Tuesday, May 6, 2008

The Miraculous Catastrophe of Bear Stearns

Quotes of the week:
1. "Notionally called hedges, in reality they were a series of free-standing bets that Bear executives dubbed The Chaos Trade"
2. "The Fed's role in the deal suggests federal officials fear a systemic collapse of the U.S. financial system were Bear Stearns to fail. The fear stems from Bear central role in a multitrillion-dollar web of interconnecting derivative contracts." - Roddy Boyd on CNN Money.
3. "Bear is a counterparty to some $10 trillion of over-the-counter swaps. With the broker's collapse, the fear that these and other contracts would no longer be honoured would have infected the world's derivatives markets." - The Economist

Quote 1 is how Bear Stearns was financing its cash flow once their losses became known internally. They were making trades betting against their other portfolios and betting (sorry, 'investing') on things to go really haywire. I think some hedge funds that bet against the financial sector are going to announce amazing results in the next few weeks.

Commentary for the Week:
The Miraculous Catastrophe:

Something so awesome happened over the last two weeks that quite possibly every human on Earth has been adversely affected. No, it was not Godzilla's escape from its wintery prison, nor was it yet another discovery of King Kong. It was something that sounds so innocuous that it probably escaped most people's work-a-day attention. Of course, if I had a life outside that of finance, it would have escaped mine as well, but I am chained to the desk here at Ittihad and am required to know such things. On the surface, what happened was quite simple. An investment bank in the US called Bear Stearns was bought out by a full-fledged bank called JP Morgan for a relatively small amount. This was reported in many places and some surface treatment was given to how there were several 'Risks' in the financial system which were brought to light by the whole episode. The exact nature of the risks, however, was generally left to our imaginations, so here I go.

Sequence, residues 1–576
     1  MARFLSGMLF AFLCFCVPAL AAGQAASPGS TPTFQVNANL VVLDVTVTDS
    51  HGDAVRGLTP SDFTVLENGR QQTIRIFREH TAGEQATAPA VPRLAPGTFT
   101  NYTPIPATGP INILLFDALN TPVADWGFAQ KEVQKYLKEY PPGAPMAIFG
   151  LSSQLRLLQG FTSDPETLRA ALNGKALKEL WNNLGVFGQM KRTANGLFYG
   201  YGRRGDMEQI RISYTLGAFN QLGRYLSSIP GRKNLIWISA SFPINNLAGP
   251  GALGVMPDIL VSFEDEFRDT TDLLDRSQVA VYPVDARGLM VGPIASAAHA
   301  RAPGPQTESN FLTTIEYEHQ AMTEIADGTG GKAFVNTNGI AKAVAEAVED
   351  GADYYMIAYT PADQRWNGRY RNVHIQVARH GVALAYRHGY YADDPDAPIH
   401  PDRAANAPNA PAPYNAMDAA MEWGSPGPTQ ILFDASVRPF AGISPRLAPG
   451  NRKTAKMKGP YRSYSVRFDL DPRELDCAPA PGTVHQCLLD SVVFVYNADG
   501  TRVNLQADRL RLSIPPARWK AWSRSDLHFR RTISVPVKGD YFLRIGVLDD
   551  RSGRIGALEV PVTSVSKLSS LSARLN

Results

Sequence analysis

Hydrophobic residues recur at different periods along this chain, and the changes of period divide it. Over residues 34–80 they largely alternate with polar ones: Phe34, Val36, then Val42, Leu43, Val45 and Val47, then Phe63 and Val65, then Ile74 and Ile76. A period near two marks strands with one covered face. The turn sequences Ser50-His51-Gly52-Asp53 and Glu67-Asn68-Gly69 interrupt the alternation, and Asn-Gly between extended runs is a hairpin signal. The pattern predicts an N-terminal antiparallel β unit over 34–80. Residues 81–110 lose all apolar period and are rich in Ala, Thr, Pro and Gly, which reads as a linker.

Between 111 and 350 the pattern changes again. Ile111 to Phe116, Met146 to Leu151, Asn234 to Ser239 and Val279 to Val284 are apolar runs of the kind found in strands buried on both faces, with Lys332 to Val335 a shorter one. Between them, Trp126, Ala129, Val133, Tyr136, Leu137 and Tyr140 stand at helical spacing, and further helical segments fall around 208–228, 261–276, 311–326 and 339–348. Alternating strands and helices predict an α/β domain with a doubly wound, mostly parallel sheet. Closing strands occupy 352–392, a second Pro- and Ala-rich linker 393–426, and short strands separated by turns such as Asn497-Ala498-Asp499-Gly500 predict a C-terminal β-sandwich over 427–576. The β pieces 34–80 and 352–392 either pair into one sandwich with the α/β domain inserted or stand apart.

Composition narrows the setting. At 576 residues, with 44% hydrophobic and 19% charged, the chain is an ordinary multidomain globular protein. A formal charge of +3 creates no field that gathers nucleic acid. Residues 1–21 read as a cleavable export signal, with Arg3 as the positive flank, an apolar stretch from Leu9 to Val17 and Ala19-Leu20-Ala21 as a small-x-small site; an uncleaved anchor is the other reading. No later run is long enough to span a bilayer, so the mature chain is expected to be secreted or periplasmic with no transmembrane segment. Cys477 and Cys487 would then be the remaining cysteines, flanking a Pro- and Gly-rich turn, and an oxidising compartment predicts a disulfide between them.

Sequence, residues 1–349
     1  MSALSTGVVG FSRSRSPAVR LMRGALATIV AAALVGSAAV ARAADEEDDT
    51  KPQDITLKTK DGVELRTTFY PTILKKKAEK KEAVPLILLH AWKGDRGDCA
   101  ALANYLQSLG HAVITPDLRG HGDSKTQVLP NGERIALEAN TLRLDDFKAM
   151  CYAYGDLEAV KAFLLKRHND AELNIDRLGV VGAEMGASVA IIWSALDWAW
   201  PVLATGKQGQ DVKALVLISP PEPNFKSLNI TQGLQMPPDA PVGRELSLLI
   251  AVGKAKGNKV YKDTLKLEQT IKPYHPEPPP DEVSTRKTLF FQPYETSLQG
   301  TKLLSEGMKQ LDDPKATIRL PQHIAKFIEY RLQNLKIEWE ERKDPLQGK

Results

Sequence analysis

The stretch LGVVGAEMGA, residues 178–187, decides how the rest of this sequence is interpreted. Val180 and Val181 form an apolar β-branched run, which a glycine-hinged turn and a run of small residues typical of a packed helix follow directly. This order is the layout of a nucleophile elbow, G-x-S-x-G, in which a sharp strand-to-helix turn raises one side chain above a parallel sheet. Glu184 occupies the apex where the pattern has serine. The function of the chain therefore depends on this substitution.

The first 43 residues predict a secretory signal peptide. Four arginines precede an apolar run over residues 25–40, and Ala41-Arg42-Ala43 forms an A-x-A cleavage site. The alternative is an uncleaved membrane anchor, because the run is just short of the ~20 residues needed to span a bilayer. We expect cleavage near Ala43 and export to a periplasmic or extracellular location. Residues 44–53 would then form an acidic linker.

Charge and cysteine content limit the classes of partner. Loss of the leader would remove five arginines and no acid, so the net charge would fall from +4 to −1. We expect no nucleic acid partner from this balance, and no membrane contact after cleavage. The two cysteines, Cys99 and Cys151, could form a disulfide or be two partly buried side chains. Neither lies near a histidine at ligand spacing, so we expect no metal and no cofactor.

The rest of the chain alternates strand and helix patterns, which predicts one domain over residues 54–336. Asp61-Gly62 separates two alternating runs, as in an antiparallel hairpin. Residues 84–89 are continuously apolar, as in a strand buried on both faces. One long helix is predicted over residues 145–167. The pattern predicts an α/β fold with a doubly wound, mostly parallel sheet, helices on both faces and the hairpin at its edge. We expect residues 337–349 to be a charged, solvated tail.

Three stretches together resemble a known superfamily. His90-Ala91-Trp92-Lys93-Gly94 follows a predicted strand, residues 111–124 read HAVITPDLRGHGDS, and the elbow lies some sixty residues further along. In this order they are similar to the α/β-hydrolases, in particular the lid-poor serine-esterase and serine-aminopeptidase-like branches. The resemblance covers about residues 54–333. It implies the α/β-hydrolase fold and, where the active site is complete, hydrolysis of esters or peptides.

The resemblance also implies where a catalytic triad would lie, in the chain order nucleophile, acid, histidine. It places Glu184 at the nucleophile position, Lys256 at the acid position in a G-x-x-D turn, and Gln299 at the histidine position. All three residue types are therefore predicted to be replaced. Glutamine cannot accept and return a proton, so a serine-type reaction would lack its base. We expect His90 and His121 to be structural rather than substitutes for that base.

Let me start by saying that the annual GDP (nominal basis 2008) of the entire world is around $57 Trillion. This means that all of our collective effort as humanity over the course of a year adds up (if one were to use money as a yardstick) to $57,000 Billion. Relative to that, the Bear Stearns buyout, at a mere $1.5B is of course peanuts and quite unremarkable.

But try and look at it from this perspective for a minute and see if you feel a sinking feeling in your gut. Had Bear Stearns not been bought out by JP Morgan and had JP Morgan not guaranteed Bear's obligations, there would have been a ... wait for it ... a bit more ... a $10 Trillion hole in the financial system. How can this be, you ask? Surely it cannot be, you say? How can a company that is worth $1.5B now (and was worth $3.5B before the crisis) create a $10 Trillion gap in the entire system of what passes for wealth, you ask yet again? Well, the official answer is that these are all unsophisticated questions and we shouldn't worry our pretty little heads about it too much. It is best to go back to refinancing the house so we can buy the Broccoli that now costs almost as much as a pound of Silver. The big men (such as Big Ben) are in charge and with their humungous brains, surely they can find a way out of this mess. So much for the official answer. The only-somewhat-varnished truth is quite different, and your earlier questions may not be so unintelligent after all.

A company with less than a few hundred million in actual assets (which were also quite faulty to begin with) is a counterparty to over $10Trillion of derivatives. If you suddenly remove this company from the system, all of humanity would have to work for two whole months to make up for the just the first order loss. As other, second-order losses would surely follow, this calculation does not even include any downstream and domino effects. To your earlier questions, I would add two more - How can be this be a sane way of handling humanity's finances? Isn't there something wrong with a system that allows one company (which was only the 5th largest Investment bank in the US) the ability to enter into performance contracts worth more than 75% of the US economy?